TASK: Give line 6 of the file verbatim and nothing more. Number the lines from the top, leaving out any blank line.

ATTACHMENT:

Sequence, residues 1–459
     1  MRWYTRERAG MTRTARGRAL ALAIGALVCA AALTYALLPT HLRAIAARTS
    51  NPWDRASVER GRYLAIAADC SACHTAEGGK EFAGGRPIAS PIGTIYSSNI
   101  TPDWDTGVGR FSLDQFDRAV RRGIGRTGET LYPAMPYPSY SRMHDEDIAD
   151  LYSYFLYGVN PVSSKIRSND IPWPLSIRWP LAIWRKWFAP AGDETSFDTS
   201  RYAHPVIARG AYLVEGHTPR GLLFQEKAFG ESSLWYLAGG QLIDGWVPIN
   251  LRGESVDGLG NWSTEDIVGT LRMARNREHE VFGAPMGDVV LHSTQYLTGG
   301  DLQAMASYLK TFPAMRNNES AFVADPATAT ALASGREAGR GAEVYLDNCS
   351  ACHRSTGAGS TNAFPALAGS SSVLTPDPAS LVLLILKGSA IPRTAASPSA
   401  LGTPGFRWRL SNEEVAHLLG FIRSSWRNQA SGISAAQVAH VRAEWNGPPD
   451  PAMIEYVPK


   201  RYAHPVIARG AYLVEGHTPR GLLFQEKAFG ESSLWYLAGG QLIDGWVPIN